As a Matthews rental property owner, you must establish realistic expectations with your renters from your first interaction. Your pet policy should be one of your top priorities. The decision to allow pets in your rental home is one that only you can make. Both options have benefits and disadvantages, which may also render it difficult to make a hard-and-fast decision. If you do decide to allow pets, you need to have your pet policy clearly outlined and ready to go over with your renter when they sign the lease. You should also set clear expectations with your renter pet owners, detailing the type and number of pets permitted, pet deposits and fees, monthly charges, vaccination and behavior conditions, how you’ll get to grips with complaints, and the consequences for violating your pet policy. We’ll go over each of these in considerable depth below.
Type and Number of Pets
By far, the most common pets that Americans have at home are dogs and cats. Your pet policy should include details about any breed or size restrictions and how many pets are allowed. Check local legislation and follow any rules you discover. Smaller pets, such as birds, fish, and hamsters, are also popular, so make sure to include them in your lease agreements.
Pet Deposit/Fee and Monthly Rent
It’s one of the drawbacks of allowing pets on the property: pets often cause damage that goes beyond normal wear and tear. As a result, in addition to the regular security deposit, most rental property owners will impose a pet deposit or fee. Many charge extra pet rent on a monthly basis to help offset the increased property care and repair costs. While the amount you charge is entirely up to you, it’s a good idea to conduct some research and check what other Matthews property managers charge for pets before setting up your own.
Vaccination and Behavior Requirements
Apart from the financial responsibilities of rental pet owners, include any additional needs relating to keeping pets in your lease. For instance, many cities and counties have vaccination and licensing regulations, particularly for dogs. By including your local regulations in your lease and requiring your renter to follow them, you can better protect yourself and your property from potential legal issues. The same thing is true for pet behavior. In your lease, be sure to specify any restrictions on the behaviors of pets, such as excessive barking, allowing pets outside or off leash, or other potentially problematic behaviors. Outline clear consequences for violations of these and all requirements to help enforce your lease more easily.
While your renter may adore their pets, the neighbors might be less comfortable having them there. Pet complaints can be tough to endure because everyday complaints, such as extreme barking or pets roaming unleashed, are not things that the rental property owner has direct control over. You can set clear expectations with your renter about properly securing and leashing their pet and taking steps to keep their pet from making too much noise. Then, make a plan to handle repeated complaints, such as a system to issue warnings before going straight to breach of contract. This tactic may encourage your renter to be a more responsible pet owner.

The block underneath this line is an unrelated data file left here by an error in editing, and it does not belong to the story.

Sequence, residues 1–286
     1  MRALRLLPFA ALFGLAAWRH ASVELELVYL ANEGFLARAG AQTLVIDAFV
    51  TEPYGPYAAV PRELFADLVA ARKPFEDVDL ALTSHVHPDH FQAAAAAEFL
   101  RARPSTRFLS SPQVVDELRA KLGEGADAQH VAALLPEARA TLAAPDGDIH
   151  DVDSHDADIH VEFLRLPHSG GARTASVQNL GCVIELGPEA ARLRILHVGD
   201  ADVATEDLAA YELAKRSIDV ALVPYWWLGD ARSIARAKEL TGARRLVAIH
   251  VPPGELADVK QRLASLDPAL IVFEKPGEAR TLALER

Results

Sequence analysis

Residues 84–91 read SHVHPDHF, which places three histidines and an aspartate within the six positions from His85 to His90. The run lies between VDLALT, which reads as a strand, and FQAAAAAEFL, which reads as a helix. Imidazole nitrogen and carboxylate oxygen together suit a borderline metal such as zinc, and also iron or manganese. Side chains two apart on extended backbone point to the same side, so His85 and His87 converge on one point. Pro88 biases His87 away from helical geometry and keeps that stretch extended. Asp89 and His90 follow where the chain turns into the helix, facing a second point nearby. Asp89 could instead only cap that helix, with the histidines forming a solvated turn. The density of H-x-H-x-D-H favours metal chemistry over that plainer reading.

Consequences for Violations
Even though setting clear expectations can help decrease the potential for renters to abuse your pet policy, they may still violate it anyway. One of the more common things renters will try is to sneak additional pets onto the property so they don’t have to pay the additional fees. Unauthorized pets are always a concern for landlords, whether you allow pets or not. Suppose your renter has too many pets, has an unauthorized species or breed, or otherwise violated your pet policy. In that case, you should document the situation carefully and notify the renter of the violation. If your state laws allow it, you could even include a fine for pet policy violations in your lease, which may offer an even stronger incentive for your renter to abide by the terms of their lease. Depending on the number and severity of the violation, you should then take the appropriate action.
Allowing pets in your rental property can be good for your profits and tenant relations. But you need to have a clear and detailed pet policy that will help you establish and manage your tenant’s expectations right from the very beginning. If you would like some expert guidance and advice on the issue of allowing pets, why not give Real Property Management Charlotte Metro a call? We can help you outline your rental policies in high-quality rental documents, check your property regularly for hidden pets or other lease violations, and more! Contact us online or reach us at 704-919-1344.
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